Author Topic: Raji: An Ancient Epic (Switch) Review  (Read 47 times)

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Offline lolmonade

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Raji: An Ancient Epic (Switch) Review
« on: September 16, 2020, 09:22:00 AM »

Technical hiccups can't sink this Hindu-inspired odyssey

http://www.nintendoworldreport.com/review/54942/raji-an-ancient-epic-switch-review

A festival’s reenactment of an ancient war between gods and demons acts as a prelude to a new demon uprising.  A young Indian girl’s brother, Golu, is kidnapped by the demons, starting a pursuit to save him and, in the process, the world.  Raji: An Ancient Epic has you embodying the eponymous character as she takes on a bevy of demons, towering beasts, and the lord of demons Mahabalasura.  This journey is reinforced by the gods that bestow ancient and powerful weapons and abilities in your journey to save Golu.

Gameplay is largely inspired by the likes of early entries in the God of War series.  Combating waves of enemies with light and heavy attacks coupled with a dodge feels right at home to anyone familiar with the genre.  It’s easy to get in the groove of chaining moves together in a combination that stuns an enemy, dodging a different enemy’s attack in the nick of time, then returning the favor to them.  In between each battle arena are various types of platforming challenges that are fairly rudimentary.  The puzzles, rotating segments of trees or circular tiles to put together a painting of Raji’s key memories with Golu, are simple but break up the action sequences nicely.  The staff Raji sets out with has a heavy damage focus, but as you proceed, additional weapons are doled out (such as a bow & arrow and sword & shield) that provide a wider set of combat options that feel distinct despite limited button inputs.

The story, setting, and style are the peak experience in Raji: An Ancient Epic.  The front and center tale of Raji chasing after Golu itself can seem rote, but the way it’s told, how it’s intertwined with a lesson in Hindu mythology, and its distinct art style makes it shine.  Cutscenes highlight key story sequences with a flat cut-out style; characters appear in silhouettes with tethers to their arms as if part of a puppet theatre.  As Raji walks along different paths, the gods tell tales of epic battles in history, using gorgeous mosaics in the background to tell their story.  The architecture of each environment is ornate, and lighting is used to great effect in producing appealing contrasts in color.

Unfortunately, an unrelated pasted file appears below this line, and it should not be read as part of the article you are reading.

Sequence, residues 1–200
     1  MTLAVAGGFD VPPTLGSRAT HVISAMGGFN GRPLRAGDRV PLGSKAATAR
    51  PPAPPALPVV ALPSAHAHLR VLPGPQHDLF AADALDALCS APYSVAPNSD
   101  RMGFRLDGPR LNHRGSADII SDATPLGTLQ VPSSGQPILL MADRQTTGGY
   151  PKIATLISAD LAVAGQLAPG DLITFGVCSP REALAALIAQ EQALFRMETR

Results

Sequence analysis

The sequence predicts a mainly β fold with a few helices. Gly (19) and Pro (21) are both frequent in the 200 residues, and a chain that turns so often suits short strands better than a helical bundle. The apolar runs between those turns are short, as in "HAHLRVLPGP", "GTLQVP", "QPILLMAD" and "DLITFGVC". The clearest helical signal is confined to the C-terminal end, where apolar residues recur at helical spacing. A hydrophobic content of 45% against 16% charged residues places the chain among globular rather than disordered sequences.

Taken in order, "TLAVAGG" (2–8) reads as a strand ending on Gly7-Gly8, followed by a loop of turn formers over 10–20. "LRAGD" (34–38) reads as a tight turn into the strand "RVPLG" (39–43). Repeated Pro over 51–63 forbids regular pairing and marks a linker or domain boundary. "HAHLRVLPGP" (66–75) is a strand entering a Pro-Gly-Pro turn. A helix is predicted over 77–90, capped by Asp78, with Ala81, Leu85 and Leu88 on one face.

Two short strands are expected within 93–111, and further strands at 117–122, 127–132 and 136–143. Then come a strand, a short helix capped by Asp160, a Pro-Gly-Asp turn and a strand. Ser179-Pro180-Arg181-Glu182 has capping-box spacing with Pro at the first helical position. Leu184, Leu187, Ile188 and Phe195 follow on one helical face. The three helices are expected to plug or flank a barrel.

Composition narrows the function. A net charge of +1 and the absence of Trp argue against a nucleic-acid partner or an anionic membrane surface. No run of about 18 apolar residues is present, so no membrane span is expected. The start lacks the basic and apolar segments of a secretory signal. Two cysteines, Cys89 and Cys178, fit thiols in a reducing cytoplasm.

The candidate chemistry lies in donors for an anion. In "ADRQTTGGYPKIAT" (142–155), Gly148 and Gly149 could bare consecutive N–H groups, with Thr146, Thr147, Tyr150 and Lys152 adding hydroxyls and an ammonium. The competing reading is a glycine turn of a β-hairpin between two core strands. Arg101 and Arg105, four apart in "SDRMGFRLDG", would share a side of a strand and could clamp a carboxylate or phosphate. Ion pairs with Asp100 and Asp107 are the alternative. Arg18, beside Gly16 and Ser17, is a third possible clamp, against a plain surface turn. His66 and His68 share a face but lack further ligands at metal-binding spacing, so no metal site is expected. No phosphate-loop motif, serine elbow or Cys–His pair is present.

Regretfully, the game’s technical performance is where it falters.  Nearly any battle with more than a handful of enemies’ results in combat animation feeling like it’s moving in slow motion.   While Raji features an array of beautifully composed music, several tracks are split in a way that isn’t seamless, making the stop of the old loop and start of the new one produce a stutter that’s jarring.  Worst of all, certain bugs require a restart entirely.  A notable example for me was when I was climbing a structure to the top of a building and Raji got caught near the top and then was stuck air walking without being able to get unstuck.  While the free roaming allowed me to explore some of the infrastructure a bit, it’s never fun having to close a game because of a bug.  It’s worth noting the developer announced a bugfix update is in the works, but tread with caution if you decide to buy-in beforehand.  

But all that said, those demerits weren’t enough to sour my experience with Raji: An Ancient Epic.  The well-worn game structure is adorned with a decorative style that’s wholly unique in video games; a striking soundtrack with heavy sitar notes and an ancient Hindu history lesson compel you to see this personal story of sister and brother to its conclusion.  Even with performance caveats in mind, there’s a lot of beauty to uncover here if you give it a chance.

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